via - Startup Quote
If you have made mistakes, even serious ones, there is always another chance for you.
What we call failure is not the falling down but the staying down.
Are you looking for money in all the wrong places? Banks, angel investors and venture capitalists don’t seem too willing to put their faith in eager entrepreneurs these days. So, if you’re tired of hitting funding hurdles, give crowdfunding a try. How does it work? Take a look
By Ismet Balihodzic
Are you looking for money in all the wrong places? Banks, angel investors and venture capitalists don’t seem too willing to put their faith in eager entrepreneurs these days. So, if you’re tired of hitting funding hurdles, give crowdfunding a try.
What is crowdfunding?
It’s an increasingly common practice that allows entrepreneurs to bypass angel investors and venture capitalists by directly asking people to invest in their company, typically online. The investors are regular people who chip in small amounts of money to help you achieve a stated monetary goal, simply because they’re inspired by your idea and want to see it grow.
Based on the principle of crowdsourcing.
An example of a crowdsourcing model is Wikipedia, an online encyclopedia that is completely written by users, containing over 3 million articles in English. A large number of people all put a little effort in reaching a big goal together. Some famous crowdfunding initiatives are SellaBand and KIVA, but also president Obama used the power of the crowd to fund his election campaign in 2008 and raised 137 million dollar by using crowdfunding!
How does it work?
1) Choose your funding model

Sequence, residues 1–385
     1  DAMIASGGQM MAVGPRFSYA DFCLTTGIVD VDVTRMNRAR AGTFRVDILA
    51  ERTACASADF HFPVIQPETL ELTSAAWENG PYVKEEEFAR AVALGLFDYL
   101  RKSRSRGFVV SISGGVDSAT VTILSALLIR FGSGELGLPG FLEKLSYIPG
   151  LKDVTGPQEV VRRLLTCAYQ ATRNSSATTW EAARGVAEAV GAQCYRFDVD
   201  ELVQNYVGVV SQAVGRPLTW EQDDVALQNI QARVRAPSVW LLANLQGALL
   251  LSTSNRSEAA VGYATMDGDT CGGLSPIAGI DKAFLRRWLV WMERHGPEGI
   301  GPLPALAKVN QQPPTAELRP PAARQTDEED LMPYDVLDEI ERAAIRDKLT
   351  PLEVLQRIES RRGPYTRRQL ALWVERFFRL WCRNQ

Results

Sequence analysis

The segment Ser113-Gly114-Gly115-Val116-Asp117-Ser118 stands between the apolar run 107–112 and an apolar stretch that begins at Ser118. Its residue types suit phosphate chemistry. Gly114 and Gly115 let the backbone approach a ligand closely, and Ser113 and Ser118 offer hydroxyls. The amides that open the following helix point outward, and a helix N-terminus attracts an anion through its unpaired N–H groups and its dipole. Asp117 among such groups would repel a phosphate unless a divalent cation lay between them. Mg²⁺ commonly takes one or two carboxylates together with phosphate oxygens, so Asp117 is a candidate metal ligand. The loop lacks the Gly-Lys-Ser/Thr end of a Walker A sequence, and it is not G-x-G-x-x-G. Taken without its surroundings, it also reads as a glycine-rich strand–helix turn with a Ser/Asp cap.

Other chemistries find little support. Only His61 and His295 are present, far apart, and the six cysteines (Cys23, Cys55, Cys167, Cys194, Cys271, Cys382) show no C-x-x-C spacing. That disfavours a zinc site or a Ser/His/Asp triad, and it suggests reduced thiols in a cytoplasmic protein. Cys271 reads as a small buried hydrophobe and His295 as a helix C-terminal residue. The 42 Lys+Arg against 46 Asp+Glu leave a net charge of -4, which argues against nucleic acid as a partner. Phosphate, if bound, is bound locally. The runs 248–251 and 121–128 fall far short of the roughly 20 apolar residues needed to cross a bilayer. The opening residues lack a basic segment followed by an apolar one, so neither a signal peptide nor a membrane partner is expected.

If you choose the donation model and decide to offer rewards, you will need to think about the ‘tiers’ you offer.The more money people give you, the ‘better’ the reward you offer them. Think about how and when you will deliver rewards to the individuals that make up the crowd.
2) Write a good pitch
Perhaps the most important element is the initial script on the campaigns page. No matter the model you choose, your writing needs to draw the attention of the reader. Think carefully about what you are going to say and how you want to present yourself.
3) Keep your crowd updated
It is essential you keep the crowd informed of your progress throughout your campaign. Steady publicity is vital. You don’t want a situation where you almost get to the target, but then simply run out of steam.
4) Plan your timeline carefully
Since most crowdfunding websites ask you to set a time limit for your campaign, you should plan this timeline out carefully. Think about when you want key events to happen, like updates or certain target milestones.
5) Plan for the end of your campaign
So, you have successfully raised the target amount for your project – now you have to deliver on the promises you have made.If you went over your target, this may include promises about what you are going to do with any extra money you have raised.
And if it doesn’t work? PLAN B
Equally, when thinking about the end of your campaign, you should ensure you have a ‘Plan B’. If you fail to raise the target, what are your options? How will you continue to get support for the project? These are the questions that most people put off until the end of the campaign. By then, if things haven’t gone to plan, they are often ready to give up altogether.
Remember, there’s nothing to stop you from trying again. Perhaps a different website would be better, or just waiting until the time is right for your project. These are issues that must be taken into consideration in any good plan.